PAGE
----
This post is a follow-up to The Big Migration.
So, with moving many of Google-powered services to my personally hosted ownCloud, I've run into need of providing the necessary infrastructure on the device side. Since I own only Androids it was already easier for me to deal with a single platform, but subtleties, oh subtleties galore. In the post I describe the very ownCloud-compatible Android applications I use up-to-date and am quite happy with.
The primary task of ownCloud is, of course, file storage and sharing. ownCloud implements WebDAV interface to serve files. This means that you can use any of WebDAV applications available in Google Play which are plenty. ownCloud guys have their own application which costs $1 and doesn't do a lot, but is nice to have anyway. It allows you to view your cloud directories and download individual files for offline usage (similar to Dropbox and Google Drive clients). As a pleasant bonus, it provides Instant Upload feature for your photos, so if you tick the respective checkbox your pics will be automatically uploaded to your cloud (instead of Google+).
Because I required something more automatic, I installed FolderSync Lite to synchronize cloud folders with those on the devices. It operates the same as desktop ownCloud client — you specify folders you want to synchronize and respective local directories, sync interval, overwrite policies etc etc; and it will download/upload files in these folders according to the rules. There is also a paid version of the app, but I don't really notice the limitations of the free one.
ownCloud uses CardDAV protocol to synchronize contacts. Shamingly for Google, Android doesn't have native facilities to use CardDAV (while iOS does), so we need to install third-party software for this task. CardDAV-Sync is a great tool for this, it allows two-way contacts synchronization and overall is pretty reliable. It costs two bucks, there is a free version which is quite limiting, but I didn't mind paying for the good work, especially since there were no real alternatives at that point. Now it seems there are a couple of similar apps but I don't know how do they compare to this one.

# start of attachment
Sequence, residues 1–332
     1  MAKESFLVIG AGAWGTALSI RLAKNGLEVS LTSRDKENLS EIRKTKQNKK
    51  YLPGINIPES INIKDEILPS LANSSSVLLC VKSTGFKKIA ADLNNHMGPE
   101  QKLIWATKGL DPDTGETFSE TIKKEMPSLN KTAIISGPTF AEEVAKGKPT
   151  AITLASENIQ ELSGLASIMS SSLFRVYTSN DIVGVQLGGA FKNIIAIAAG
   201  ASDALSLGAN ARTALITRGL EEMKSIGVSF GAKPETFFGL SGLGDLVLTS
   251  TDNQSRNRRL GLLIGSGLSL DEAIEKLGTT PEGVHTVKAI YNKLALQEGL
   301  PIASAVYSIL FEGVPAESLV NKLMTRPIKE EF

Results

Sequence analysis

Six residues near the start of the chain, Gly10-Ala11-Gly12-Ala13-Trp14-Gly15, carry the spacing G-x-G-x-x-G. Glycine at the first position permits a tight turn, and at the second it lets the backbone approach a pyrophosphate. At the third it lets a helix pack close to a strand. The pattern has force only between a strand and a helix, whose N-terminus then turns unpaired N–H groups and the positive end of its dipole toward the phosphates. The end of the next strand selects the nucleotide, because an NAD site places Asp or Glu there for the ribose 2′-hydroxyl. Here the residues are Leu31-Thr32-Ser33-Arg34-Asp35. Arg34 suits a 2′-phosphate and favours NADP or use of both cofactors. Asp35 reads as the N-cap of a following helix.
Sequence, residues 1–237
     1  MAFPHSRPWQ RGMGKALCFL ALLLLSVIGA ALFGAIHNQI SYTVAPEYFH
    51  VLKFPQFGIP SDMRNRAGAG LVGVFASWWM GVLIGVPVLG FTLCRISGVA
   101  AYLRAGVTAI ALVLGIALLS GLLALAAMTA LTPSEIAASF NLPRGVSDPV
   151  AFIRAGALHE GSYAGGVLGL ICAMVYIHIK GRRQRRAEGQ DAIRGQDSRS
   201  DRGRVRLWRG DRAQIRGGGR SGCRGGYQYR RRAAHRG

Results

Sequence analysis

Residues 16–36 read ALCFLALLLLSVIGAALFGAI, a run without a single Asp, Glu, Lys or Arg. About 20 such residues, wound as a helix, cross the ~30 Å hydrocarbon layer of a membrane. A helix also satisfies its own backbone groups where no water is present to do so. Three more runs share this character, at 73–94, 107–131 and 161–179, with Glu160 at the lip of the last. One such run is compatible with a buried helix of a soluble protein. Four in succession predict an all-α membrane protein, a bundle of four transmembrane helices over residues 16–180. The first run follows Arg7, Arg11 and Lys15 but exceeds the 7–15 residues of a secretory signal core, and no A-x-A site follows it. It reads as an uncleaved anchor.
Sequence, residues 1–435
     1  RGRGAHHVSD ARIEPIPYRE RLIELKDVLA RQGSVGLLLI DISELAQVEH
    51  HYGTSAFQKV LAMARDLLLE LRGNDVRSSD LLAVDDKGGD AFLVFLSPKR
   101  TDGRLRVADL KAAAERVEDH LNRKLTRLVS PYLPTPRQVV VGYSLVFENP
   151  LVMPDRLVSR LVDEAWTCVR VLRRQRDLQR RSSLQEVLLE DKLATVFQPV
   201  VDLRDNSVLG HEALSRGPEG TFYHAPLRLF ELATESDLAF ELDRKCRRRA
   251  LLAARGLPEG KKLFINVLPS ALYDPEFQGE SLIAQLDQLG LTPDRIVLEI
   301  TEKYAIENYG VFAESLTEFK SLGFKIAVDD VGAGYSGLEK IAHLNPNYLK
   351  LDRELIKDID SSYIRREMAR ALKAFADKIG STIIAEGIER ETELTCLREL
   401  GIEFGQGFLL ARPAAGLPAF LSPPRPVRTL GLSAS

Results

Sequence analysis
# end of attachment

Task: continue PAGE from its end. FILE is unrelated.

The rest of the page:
Unfortunately I had to ditch Google's stock People application and default dialer for that matter. People does not understand CardDAV's groups and show the contacts altogether. Contacts+ turned out to be a good replacement, it works with groups correctly, allows to optionally show or hide contacts from separate groups, has a concept of account merging (thanks to this I was able to merge ownCloud contacts with some Google+ contacts so that profile photos are taken from G+). Albeit Contacts+ feels cluttered and overblown sometimes with all its social features, thus I would enjoy a simpler application if I managed to find one.
Calendar functionality in ownCloud is done using… wait for it… CalDAV. As always, we head to the Play Market and shell out another three bucks for CalDAV-Sync. No free version this time, and other free CalDAV applications available on Play kinda suck. This one does what it is supposed to do, with no real complaints. Luckily this time I didn't have to install any frontend, stock Calendar suffices completely.
A small hack I had to employ on the server side because ownCloud does not support iCal subscriptions. The solution is vividly described here. Basically you have to set up a cron job that fetches calendar entries from the link and pushes them to ownCloud via CLI WebDAV client cadaver.
Org-mode is my best friend forever, so it was natural to employ it for keeping my notes. There is a module for it called org-mobile that deals with synchronizing changes on the "server" (that is, desktop computer) side. For Android you can install MobileOrg, which is kind of meh when it comes to editing, but reading through notes is convenient.
MobileOrg has a native support for WebDAV, but I wasn't able to make it work; so I just synchronize the entire Notes folder using FolderSync, and in MobileOrg I selected option "Sync using my SD card".
ownCloud can store your music and play it in the browser. But what's more cool is that it can stream music via Ampache, and then you can listen to this stream using any Ampache-included music player. I haven't got to using this feature just yet, as I don't want to fill all my DO-provided storage with music (and it will take a while too). But having a personal Spotify sounds like a fun idea to me.
Managing and book-keeping all your data yourself is partly a vanity endeavor. You spend a good chunk of time on stuff you otherwise wouldn't do. But in the end of the day the warm fuzzy feeling of having everything under your control makes it worth the struggle. This, and the ability to backup all your data in a single shell command. So be safe, be aware.